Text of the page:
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July 2020

Conflicts of interest can provide a valid reason for dismissal

Conflicts of interest can provide a valid reason for dismissal

The Case

Bertos v Northern NSW Football Limited (2020)

Northern NSW Football Limited (Northern NSW) employed Mr Bertos as Technical Advisor. Northern NSW is the governing body for football in Northern New South Wales and governs the National Premier League (NPL).

In December 2019, Mr Bertos was promoted to the position of Technical Director for a period of approximately 3 months. In that role, Mr Bertos:

  • provided advice and recommendations about matters that included the NPL;
  • was involved in youth development programs for clubs, which contributed to their eligibility to compete in the NPL;
  • had involvement in talent support programs in which the best players were sourced by clubs in the NPL; and
  • assessed the performance of clubs in the NPL at the Premier Club Skill Acquisition Program.

At the same time, Mr Bertos accepted a position as Head Coach of Weston Football Club (Weston FC), one of the clubs competing in the NPL. Mr Bertos did not disclose this secondary employment to Northern NSW.

When Northern NSW became aware Mr Bertos was also employed by Weston FC as a Head Coach, they raised with him the perceived and actual conflict of acting in both positions. Northern NSW indicated that it was concerned Mr Bertos would not be, and would not be seen as, impartial in his position of Technical Director. Additionally, the time taken to perform both roles was significant and could overlap. Northern NSW advised Mr Bertos to resign as Weston FC’s Head Coach. Mr Bertos refused, maintaining there was no conflict and he could perform both positions.

Thereafter, Northern NSW asked Mr Bertos to explain why his employment as Technical Director should not be terminated. At the end of that process, Northern NSW made the decision to summarily dismiss Mr Bertos on the basis of:

  • his conflict of interest in holding both the Technical Director and Head Coach positions simultaneously; and
  • his unwillingness to resolve the conflict by resigning as Head Coach of Weston FC.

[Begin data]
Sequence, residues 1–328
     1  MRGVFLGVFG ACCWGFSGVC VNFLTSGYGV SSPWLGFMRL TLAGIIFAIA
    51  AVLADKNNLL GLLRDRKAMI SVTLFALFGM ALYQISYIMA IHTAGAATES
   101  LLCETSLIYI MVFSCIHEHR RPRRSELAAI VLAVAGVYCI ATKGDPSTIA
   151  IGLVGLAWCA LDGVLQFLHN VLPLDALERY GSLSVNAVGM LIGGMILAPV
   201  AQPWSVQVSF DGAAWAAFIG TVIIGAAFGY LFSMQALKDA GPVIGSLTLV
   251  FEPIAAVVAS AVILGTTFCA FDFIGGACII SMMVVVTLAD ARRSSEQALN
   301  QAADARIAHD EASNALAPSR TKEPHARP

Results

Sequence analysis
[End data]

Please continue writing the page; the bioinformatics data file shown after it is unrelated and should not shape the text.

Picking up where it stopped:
Mr Bertos filed an unfair dismissal claim with the Fair Work Commission (FWC).

The Verdict

The FWC dismissed Mr Bertos’ unfair dismissal application.

The FWC found that:

  • there were conflicts in the hours of work required to perform the Technical Director and Head Coach roles;
  • to have an effective working relationship with the clubs in the NPL, Northern NSW had to be independent and be seen to be independent, and Mr Bertos undermined that by holding the position of Technical Director of Northern NSW and Head Coach of Weston FC;
  • Mr Bertos, in simultaneously holding both positions and refusing to resign as the Head Coach of Weston FC, was in breach of his contract of employment and his common law obligations not to act in conflict with the interests of his employer;
  • Mr Bertos had put his own interests and personal ambition ahead of the interests of his employer; and
  • summary dismissal was a proportionate response to Mr Bertos’ conduct, which was held to be repugnant to his relationship of employment with Northern NSW.

The Lessons

It is important that all your employment contracts contain an appropriate conflict of interests clause, which includes a requirement that employees disclose conflicts if they arise, to safeguard the employer’s interests.

These clauses act as disincentives for conflicts to occur and if they do occur, can assist you in enforcing an employee’s contractual obligations. If conflicts of interest arise, it is important that you raise them promptly with the relevant employee to determine if they can be overcome, or otherwise take action to protect your interests. You should seek appropriate legal advice before making a decision to terminate an employee’s employment in such circumstances.

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